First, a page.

Surely the Tampa Bay Buccaneers have a contingency plan in place.
After all, they've had all offseason to ponder the very real possibility that their best cover corner, Aqib Talib, could be sentenced to significant jail time—five to 20 years—depending on the outcome of his criminal case in Texas, which is scheduled to begin late next month.
But again, I'm sure the Bucs have the whole what-if-Talib-goes-to-jail thing under control.
So while it can be assumed Wright would step into Talib's role and Barber would end his safety experiment to return to corner, which Buc not named Wright or Barber would the Bucs need to step their game up the most?
As of today, the Bucs have six choices on roster they could choose from:
One look at the above-mentioned players, and two thoughts initially come to mind:
- Boy these guys are young. Their average age is a very-green 23.8 and collectively they have 11 years of NFL experience.
- Their apparent weakness—age—may also be a strength, in the sense that they are still very much coachable and are likely willing to accept whatever coaching they receive.
So of the group mentioned, which player is best-positioned for success in 2012?
Conventional wisdom may suggest one of the two players with the most experience—Biggers or Lewis—would have a leg-up on the others because of their familiarity with NFL competition.
Because, frankly, you can't discount the benefit of having in-game experience, which both Biggers (32 games, 12 starts) and Lewis (20 games, one start) have.
That said, my gut tells me Gaitor shouldn't be overlooked heading into training camp.
After all, he was a four-year starter at Florida International, with 49 games of collegiate experience under his belt.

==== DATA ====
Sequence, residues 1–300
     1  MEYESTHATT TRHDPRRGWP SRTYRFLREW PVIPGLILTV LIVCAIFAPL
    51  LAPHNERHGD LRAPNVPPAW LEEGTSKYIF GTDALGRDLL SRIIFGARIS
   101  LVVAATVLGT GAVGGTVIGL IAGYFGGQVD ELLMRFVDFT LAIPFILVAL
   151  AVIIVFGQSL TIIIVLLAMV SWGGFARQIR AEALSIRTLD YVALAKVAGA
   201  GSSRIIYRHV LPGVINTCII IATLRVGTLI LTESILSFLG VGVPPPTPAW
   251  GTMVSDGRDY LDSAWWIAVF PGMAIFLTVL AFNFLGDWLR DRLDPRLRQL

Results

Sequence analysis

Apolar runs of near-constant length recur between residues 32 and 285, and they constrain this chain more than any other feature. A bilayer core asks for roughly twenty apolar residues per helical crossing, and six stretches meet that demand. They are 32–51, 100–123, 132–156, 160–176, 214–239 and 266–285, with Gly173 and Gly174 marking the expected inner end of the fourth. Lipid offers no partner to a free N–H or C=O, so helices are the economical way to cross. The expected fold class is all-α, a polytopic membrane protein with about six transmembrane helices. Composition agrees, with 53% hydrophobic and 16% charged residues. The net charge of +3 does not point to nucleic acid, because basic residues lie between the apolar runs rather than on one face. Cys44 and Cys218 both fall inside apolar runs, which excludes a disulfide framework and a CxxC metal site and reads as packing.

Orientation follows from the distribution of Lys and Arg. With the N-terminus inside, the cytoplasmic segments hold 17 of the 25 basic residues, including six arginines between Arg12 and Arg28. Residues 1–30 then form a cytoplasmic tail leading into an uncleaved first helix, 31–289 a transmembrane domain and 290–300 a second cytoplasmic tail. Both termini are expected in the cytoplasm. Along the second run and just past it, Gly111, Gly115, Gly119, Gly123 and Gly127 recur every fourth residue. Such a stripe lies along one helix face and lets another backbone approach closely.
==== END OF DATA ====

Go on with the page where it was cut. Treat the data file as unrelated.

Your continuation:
I know the Sun Belt Conference doesn't exactly offer high-caliber, NFL-ready competition, but it's collegiate competition nonetheless and that has to mean something, doesn't it?
It's likely too early to expect much from Johnson and Tandy, outside of maybe special teams contributions.
Which leaves Roberson as the only other (current) option.
He played for Greg Schiano at Rutgers, so his familiarity with how the coach operates certainly can't hurt his chances, although he has bounced around with five different clubs since entering the NFL in 2007, so I'm not sure how truly effective he can be.
All of which brings us back to Biggers, Lewis and Gaitor.
Short of signing a June 1 cap-casualty or making a trade, for, say, disgruntled Cowboys corner Mike Jenkins, the Bucs would have to choose an in-house candidate to step up in Talib's possible absence.
Although the memories of last year's secondary may still haunt many Bucs fans, it's important to remember the above-listed players have different coaches, who are running a different system with a different level of accountability than the previous regime.
Come to think of it, maybe that has been the front office's contingency plan all along.
To bring on better, more-competent coaches to teach their young, impressionable talent.
But just as it always seems, time is of the essence.
With each passing day, the young Bucs fall farther behind their opponents, which is something Coach Schiano is cognizant of, often mentioning "1440"—the number of minutes in each day.
And judging by word coming from One Buc Place, the coaching staff isn't wasting a single one of them.